I will set out, briefly and in a general way, the background to the current position. For many years Dublin Corporation built houses and purchased land for housing and other purposes in County Dublin to the point that the corporation owned some 7,500 houses in the county. This was clearly not ideal from the point of view of efficient organisation or of proper democratic representation. The fact that such a large number of houses in the area of one local authority are owned by another, which is responsible for management and maintenance, and that the local authority members elected by the residents of these houses exercise no control in relation to these matters, is something I recognise as undesirable. The same arguments apply, with somewhat lesser force, to land holdings generally.
The break-up of Dublin county into three separate local authorities was bound to exacerbate the position on housing. As Deputies are aware, the Local Government (Dublin) Act, 1993, sought to rationalise this situation by providing that, in general, houses should be owned by, and be the responsibility of, the local authority in whose area the houses are situated. Similarly, lands not immediately required would be transferred from one authority to the other.
Clearly, a reorganisation of this nature poses complex issues, including the terms under which transfers are to take place. For this reason, the Act set out a procedure which required schemes to be prepared by the managers, after consultations with each other and their elected councils. Schemes prepared in this way were submitted to the Minister for approval, and the other authorities affected have exercised their right to make submissions on these schemes.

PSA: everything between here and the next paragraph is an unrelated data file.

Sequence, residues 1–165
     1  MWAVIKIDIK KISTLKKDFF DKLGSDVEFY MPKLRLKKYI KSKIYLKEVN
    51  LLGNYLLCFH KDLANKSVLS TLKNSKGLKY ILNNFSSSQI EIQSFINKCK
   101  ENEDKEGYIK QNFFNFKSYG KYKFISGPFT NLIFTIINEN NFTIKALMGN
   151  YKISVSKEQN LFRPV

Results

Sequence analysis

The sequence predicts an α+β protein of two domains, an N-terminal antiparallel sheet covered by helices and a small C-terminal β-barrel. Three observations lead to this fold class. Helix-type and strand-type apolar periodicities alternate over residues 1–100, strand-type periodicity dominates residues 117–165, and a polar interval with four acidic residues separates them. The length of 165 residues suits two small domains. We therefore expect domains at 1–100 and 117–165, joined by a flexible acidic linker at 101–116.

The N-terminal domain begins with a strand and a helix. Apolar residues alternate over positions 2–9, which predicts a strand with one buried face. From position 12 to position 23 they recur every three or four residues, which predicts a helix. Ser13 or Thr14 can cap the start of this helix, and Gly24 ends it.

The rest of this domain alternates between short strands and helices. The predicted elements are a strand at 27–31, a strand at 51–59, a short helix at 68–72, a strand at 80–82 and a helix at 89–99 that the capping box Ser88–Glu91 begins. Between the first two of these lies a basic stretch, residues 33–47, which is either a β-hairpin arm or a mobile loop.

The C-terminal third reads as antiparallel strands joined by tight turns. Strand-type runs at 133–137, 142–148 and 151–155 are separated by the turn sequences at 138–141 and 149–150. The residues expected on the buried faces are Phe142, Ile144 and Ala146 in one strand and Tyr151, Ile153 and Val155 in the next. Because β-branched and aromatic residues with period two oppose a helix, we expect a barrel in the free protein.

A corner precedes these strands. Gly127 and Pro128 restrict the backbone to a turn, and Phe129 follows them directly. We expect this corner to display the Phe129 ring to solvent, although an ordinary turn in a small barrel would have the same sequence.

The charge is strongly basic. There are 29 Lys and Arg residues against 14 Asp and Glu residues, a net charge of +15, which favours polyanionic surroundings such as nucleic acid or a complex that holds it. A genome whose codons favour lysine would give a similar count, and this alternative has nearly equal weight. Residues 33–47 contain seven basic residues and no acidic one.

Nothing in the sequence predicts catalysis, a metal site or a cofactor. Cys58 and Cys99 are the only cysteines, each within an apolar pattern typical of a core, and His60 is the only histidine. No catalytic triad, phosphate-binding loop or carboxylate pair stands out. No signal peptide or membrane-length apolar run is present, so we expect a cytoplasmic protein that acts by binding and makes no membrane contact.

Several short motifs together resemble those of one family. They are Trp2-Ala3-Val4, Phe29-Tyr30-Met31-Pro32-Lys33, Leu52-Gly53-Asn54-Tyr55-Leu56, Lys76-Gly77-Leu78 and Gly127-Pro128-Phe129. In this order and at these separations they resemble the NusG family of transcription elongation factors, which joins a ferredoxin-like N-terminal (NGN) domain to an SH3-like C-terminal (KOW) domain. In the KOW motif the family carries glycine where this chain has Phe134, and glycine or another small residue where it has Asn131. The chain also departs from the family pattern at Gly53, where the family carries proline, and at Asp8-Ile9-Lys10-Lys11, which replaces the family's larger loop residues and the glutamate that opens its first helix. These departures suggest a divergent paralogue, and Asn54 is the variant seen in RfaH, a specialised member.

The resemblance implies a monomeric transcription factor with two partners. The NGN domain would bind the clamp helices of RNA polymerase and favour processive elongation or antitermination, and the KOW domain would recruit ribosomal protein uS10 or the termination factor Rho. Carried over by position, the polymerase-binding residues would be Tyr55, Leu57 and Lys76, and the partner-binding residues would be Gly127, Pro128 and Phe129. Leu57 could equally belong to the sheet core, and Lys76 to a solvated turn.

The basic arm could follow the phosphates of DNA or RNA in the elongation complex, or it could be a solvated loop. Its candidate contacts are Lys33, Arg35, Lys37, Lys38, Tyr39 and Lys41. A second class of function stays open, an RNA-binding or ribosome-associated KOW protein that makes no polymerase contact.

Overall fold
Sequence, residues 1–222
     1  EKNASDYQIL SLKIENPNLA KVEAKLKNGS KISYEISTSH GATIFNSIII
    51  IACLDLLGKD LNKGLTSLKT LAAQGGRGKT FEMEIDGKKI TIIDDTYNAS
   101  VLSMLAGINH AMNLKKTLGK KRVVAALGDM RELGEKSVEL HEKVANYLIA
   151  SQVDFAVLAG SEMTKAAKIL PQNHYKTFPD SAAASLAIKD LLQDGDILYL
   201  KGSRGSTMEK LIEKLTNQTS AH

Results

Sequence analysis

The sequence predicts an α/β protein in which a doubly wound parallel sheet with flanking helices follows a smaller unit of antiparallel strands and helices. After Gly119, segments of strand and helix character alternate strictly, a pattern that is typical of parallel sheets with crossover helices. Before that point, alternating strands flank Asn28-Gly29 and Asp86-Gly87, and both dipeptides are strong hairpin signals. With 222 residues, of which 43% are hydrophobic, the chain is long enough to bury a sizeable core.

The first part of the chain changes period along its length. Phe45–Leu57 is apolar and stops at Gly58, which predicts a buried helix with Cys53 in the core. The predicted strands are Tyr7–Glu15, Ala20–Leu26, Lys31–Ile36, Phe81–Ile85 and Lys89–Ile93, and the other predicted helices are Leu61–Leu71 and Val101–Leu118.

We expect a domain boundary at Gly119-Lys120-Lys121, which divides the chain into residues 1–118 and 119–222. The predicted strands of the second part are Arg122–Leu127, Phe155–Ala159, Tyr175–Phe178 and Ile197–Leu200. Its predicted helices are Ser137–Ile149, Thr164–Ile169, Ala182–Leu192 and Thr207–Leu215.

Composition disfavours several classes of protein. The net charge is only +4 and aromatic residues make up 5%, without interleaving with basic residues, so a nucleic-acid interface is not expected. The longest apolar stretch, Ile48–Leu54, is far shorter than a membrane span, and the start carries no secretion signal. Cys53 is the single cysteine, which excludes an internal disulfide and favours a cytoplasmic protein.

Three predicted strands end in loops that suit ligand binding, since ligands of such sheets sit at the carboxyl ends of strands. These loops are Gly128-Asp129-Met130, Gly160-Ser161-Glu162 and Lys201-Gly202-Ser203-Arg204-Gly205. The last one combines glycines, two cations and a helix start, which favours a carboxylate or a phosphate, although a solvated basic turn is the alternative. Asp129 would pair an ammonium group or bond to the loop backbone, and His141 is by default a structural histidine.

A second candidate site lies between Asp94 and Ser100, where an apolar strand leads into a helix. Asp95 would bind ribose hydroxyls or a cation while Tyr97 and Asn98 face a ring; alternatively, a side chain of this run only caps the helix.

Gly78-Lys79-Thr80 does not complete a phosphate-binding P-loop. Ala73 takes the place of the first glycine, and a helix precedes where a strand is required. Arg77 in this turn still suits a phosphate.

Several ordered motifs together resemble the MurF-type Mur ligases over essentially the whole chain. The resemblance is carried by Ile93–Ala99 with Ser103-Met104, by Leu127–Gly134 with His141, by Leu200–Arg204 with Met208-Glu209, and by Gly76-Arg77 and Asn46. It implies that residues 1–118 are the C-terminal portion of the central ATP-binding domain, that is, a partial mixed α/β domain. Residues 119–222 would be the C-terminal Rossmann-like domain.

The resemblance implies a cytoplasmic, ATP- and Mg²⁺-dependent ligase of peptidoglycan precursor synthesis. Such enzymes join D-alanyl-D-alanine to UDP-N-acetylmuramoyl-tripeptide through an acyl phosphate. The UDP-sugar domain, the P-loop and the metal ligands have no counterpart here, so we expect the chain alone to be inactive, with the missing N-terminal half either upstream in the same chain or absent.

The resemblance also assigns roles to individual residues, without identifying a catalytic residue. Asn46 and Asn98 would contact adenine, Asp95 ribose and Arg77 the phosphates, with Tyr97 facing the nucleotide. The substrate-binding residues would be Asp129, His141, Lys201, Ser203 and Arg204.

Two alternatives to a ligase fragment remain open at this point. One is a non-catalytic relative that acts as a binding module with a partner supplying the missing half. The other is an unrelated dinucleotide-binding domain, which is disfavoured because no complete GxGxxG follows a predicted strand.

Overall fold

It is well known that there was a wide divergence between the transfer schemes submitted by the Dublin city manager and the submissions made on the schemes by the county managers. Indeed Deputy Lawlor in a previous debate in this House claimed that the  transfer schemes made, in Deputy Lawlor's words, “unacceptable demands on the new county council and, if accepted by the Minister for the Environment, would seriously damage the finances of the county council and its ability to meet its statutory requirements”.
Mr. Lawlor: On a point of order, does the Minister understand the point I made, and has she interpreted it correctly? The corporation is trying to damage the two new local authorities and the Minister should penalise the corporation, who has been the cause of the problem.
Mr. McManus: It is unfortunate that the Deputy does not get my drift. The Deputy, more than anybody should be aware, considering the words he used, that we have to deal with this fairly and ensure the best result is achieved.
Ms McManus: Deputies will be aware that separate schemes were proposed for the transfer of housing and land. I am pleased that decisions on the transfer of land will be made very shortly. The transfer of housing, presents additional and more complex issues than arise in the case of a land transfer. Therefore, at the suggestion of my Department, the four managers got together in an effort to establish what scope there might be for achieving a greater level of agreement on the issues involved. Some progress has been made towards resolving the issues and I hope that further progress will be possible in the near future. I consider the issue an important one and I assure the House that I will do what I can to bring the matter to finality at the earliest possible date. I am giving it great attention and I hope the Deputy might be a little more constructive in his approach to dealing with a complex matter that must be resolved. I share the Deputy's sense of importance of resolving this matter.